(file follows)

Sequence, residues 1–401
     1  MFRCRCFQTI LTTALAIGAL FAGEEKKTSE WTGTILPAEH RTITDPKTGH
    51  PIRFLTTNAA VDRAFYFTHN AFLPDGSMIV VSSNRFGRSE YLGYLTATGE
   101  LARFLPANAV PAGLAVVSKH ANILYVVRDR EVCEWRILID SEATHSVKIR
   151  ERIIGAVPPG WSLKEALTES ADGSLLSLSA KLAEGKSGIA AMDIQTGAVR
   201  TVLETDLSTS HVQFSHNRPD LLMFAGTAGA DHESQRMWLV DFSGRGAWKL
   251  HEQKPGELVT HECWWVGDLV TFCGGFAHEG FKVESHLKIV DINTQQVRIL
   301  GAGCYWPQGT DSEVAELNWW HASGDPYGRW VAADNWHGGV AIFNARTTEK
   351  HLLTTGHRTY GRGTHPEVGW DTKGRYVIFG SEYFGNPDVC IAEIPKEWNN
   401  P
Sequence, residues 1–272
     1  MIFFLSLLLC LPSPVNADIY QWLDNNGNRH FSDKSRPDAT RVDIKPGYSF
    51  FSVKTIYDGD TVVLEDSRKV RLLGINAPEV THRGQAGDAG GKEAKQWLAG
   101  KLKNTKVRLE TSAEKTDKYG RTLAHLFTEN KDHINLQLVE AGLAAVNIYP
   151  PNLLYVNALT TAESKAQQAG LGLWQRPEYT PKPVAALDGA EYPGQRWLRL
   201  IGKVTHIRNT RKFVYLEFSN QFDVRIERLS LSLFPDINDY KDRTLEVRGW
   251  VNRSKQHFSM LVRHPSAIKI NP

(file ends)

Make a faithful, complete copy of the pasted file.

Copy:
Sequence, residues 1–401
     1  MFRCRCFQTI LTTALAIGAL FAGEEKKTSE WTGTILPAEH RTITDPKTGH
    51  PIRFLTTNAA VDRAFYFTHN AFLPDGSMIV VSSNRFGRSE YLGYLTATGE
   101  LARFLPANAV PAGLAVVSKH ANILYVVRDR EVCEWRILID SEATHSVKIR
   151  ERIIGAVPPG WSLKEALTES ADGSLLSLSA KLAEGKSGIA AMDIQTGAVR
   201  TVLETDLSTS HVQFSHNRPD LLMFAGTAGA DHESQRMWLV DFSGRGAWKL
   251  HEQKPGELVT HECWWVGDLV TFCGGFAHEG FKVESHLKIV DINTQQVRIL
   301  GAGCYWPQGT DSEVAELNWW HASGDPYGRW VAADNWHGGV AIFNARTTEK
   351  HLLTTGHRTY GRGTHPEVGW DTKGRYVIFG SEYFGNPDVC IAEIPKEWNN
   401  P
Sequence, residues 1–272
     1  MIFFLSLLLC LPSPVNADIY QWLDNNGNRH FSDKSRPDAT RVDIKPGYSF
    51  FSVKTIYDGD TVVLEDSRKV RLLGINAPEV THRGQAGDAG GKEAKQWLAG
   101  KLKNTKVRLE TSAEKTDKYG RTLAHLFTEN KDHINLQLVE AGLAAVNIYP
   151  PNLLYVNALT TAESKAQQAG LGLWQRPEYT PKPVAALDGA EYPGQRWLRL
   201  IGKVTHIRNT RKFVYLEFSN QFDVRIERLS LSLFPDINDY KDRTLEVRGW
   251  VNRSKQHFSM LVRHPSAIKI NP